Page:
If you stop and think for a few minutes, it becomes inescapably clear that mathematics is inseparable from life as we know it. It is our job as teachers, who already have an appreciation of the beauty and power of mathematics, to inspire a sense of enjoyment and curiosity about the subject in our students. We would like them to make rich connections across mathematical ideas to develop fluency, mathematical reasoning, and competence in solving increasingly sophisticated problems essential to everyday life such as in science, technology, engineering and above all, necessary for financial literacy and all forms of employment.
Throughout the Mastery KS3 curriculum in maths, the emphasis is on embedding a deep understanding of key concepts, and with the use of manipulatives, to inspire a sense of enjoyment and curiosity about the subject. The intention of this spiralled curriculum is to lay the foundations of knowledge needed for KS4 and helps students to discuss and make connections across topics at various stages.
In Years 10 and 11 students are assigned to a specific targeted pathway allowing them to focus on achievement and build on previous skills. Here students are again exposed to varied teaching methods with a larger emphasis on the application of skills and the interchangeability of mathematical concepts ensuring that across the five years all National Curriculum content is covered.
Throughout school, irrelevant of year group, we ensure that all lessons fall in line with our school ethos with the virtues being intrinsic to learning where we aim to embed perseverance, determination and resilience.
Using highly skilled modelling, staff endeavour to encourage students to apply mathematical thinking to real life contexts. Learning is often revisited during and at the ends of lesson through questioning, in which students are given the opportunity to reflect on their learning and critically analyse methods and misconceptions.
With the highest of standards set by teachers and the continued redevelopment of the curriculum, the expectation is that by the end of year 11 all students will be fluent in all aspects of basic numeracy, they will be appreciative of, but not overly reliant on modern technology and they will be financially literate. It is also key that students become able to reason mathematically and be competent in solving increasingly sophisticated problems essential to everyday life; those problems critical to science, technology, engineering and above all, necessary for further advancements in education and all forms of employment.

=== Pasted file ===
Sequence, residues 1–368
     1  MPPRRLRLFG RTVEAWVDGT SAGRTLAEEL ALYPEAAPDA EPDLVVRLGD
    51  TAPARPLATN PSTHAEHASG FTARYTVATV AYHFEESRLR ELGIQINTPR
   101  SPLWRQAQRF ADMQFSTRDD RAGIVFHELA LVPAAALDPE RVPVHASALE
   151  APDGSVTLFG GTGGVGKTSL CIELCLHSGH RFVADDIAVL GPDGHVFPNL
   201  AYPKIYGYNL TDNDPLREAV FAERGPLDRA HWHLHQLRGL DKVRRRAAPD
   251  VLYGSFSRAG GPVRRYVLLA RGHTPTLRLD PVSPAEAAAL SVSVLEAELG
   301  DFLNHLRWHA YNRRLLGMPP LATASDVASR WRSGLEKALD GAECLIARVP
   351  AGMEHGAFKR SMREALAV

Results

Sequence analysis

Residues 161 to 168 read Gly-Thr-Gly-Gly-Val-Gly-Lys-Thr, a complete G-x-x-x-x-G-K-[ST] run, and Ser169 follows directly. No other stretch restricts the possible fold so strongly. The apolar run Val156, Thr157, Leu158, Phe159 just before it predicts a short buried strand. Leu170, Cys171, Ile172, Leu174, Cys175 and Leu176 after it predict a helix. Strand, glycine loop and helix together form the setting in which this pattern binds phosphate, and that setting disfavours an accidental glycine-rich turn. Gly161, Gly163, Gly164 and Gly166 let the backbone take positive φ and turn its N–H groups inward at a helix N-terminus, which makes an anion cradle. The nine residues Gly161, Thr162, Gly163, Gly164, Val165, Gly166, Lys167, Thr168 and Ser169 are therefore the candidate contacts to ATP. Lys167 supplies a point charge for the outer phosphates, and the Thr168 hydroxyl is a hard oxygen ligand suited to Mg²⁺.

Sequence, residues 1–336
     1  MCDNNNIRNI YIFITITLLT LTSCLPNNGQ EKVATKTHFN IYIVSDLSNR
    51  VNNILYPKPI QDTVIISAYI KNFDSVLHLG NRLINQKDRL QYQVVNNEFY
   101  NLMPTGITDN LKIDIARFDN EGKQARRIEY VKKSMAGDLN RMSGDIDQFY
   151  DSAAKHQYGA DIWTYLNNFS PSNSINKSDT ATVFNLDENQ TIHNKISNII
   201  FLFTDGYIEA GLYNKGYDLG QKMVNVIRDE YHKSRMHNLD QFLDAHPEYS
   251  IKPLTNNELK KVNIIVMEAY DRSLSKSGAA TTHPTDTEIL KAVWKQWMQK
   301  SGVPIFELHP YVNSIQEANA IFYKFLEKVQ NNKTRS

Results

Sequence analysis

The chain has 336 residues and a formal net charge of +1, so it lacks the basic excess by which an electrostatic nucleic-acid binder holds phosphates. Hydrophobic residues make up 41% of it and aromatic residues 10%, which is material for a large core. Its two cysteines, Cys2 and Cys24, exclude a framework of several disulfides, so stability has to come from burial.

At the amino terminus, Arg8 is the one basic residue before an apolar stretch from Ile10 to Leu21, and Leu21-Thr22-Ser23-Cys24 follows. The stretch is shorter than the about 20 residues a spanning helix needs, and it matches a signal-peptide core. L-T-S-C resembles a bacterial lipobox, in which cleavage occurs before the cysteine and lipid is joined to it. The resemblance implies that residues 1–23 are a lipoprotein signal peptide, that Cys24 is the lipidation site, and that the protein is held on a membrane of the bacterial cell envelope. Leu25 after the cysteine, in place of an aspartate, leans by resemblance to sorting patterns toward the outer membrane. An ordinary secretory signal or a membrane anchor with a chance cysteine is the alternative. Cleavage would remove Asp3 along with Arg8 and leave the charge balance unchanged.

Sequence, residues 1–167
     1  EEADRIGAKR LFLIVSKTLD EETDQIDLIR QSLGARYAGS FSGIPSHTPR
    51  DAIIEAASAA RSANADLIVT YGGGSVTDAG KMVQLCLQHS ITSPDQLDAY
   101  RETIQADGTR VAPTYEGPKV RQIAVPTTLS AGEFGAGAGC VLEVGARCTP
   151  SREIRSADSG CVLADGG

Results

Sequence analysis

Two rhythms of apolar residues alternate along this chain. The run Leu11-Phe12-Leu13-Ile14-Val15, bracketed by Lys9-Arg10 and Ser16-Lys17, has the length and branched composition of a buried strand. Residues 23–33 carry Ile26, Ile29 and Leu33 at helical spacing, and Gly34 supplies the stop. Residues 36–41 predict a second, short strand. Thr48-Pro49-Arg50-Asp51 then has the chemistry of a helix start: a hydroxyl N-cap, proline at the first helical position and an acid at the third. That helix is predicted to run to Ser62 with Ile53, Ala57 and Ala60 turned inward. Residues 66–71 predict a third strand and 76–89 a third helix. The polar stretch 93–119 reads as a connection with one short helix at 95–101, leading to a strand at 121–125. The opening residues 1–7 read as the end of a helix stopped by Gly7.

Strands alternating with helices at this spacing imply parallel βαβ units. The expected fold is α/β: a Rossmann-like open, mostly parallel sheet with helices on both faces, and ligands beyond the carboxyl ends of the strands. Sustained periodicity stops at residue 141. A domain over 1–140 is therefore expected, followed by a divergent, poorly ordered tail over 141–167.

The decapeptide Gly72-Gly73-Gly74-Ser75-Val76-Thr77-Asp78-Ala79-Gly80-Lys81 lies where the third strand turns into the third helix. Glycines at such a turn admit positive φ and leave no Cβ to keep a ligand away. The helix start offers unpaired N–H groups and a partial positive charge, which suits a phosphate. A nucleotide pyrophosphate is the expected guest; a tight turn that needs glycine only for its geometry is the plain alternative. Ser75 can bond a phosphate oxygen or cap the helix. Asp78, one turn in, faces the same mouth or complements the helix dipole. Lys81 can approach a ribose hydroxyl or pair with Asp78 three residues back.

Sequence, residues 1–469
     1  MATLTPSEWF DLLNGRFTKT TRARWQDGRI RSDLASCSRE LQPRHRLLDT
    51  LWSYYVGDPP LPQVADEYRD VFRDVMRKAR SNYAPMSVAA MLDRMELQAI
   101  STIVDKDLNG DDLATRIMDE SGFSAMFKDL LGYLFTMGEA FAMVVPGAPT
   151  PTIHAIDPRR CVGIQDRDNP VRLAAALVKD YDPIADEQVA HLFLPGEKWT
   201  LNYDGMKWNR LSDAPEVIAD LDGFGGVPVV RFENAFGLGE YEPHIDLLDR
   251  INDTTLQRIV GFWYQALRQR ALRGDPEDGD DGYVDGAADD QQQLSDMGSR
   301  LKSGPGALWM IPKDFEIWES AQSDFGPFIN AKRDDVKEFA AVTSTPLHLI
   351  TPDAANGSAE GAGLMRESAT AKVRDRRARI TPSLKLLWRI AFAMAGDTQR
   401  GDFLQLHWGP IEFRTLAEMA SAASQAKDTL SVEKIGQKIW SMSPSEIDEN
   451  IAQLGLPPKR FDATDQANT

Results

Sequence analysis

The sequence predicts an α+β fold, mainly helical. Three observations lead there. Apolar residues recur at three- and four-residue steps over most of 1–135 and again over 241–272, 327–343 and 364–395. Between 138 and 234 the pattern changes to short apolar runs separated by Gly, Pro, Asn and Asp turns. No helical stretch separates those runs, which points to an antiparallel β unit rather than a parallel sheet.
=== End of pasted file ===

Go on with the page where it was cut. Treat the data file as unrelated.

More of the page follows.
|KS3||Maths at Key Stage 3 follows the White Rose Maths scheme of learning which is designed to build on prior knowledge from primary school maths as well as laying the foundations for GCSE maths.
Year 7 begins by introducing students to basic algebraic techniques followed by revisiting the number system. These fundamental skills act as the core building blocks for the remainder of year 7 as well as years 8 and 9. Over the course of the three years all five mathematical specifications are covered with students experiencing an array of units such as Pythagoras, Data Representation and Probability.
Assessments take place at the end of each term with year 7 also sitting a baseline test in their second week.
|KS4||The Key Stage 4 maths course aims to develop pupils’ mathematical skills in five main areas:
· Probability and Statistics
The current GCSE format was first examined in 2017 and includes a higher proportion of questions that assess pupil’s ability to answer functional skills questions, as a result, problem solving is a key element in lessons at Key Stage 4 to ensure that pupils are prepared for this.
Pupils will have 3 assessment points throughout year 10. These assessments are undertaken to inform both the teachers and the students where students strengths lie and also where gaps may have started to arise. With this knowledge we can then work collaboratively with students and guardians and support where necessary.
In year 11 pupils are assessed twice, in November and March, prior to their final examinations in May and June.
There are two levels of GCSE; Higher (9 – 4) and Foundation (5 – 1): pupils will be entered for the level and exam board appropriate to their ability.
The final exams consist of 3 papers, one non calculator and 2 calculator papers.
|General||Resources to use at home:
We encourage all students to use Hegarty Maths when at home (https://hegartymaths.com/). Here students can complete tasks tailored to their learning which are accompanied by videos to assist.
· Students can speak to their maths teacher and ask for any further assistance and work whenever they want it. This enthusiasm is encouraged and is always brilliant to see!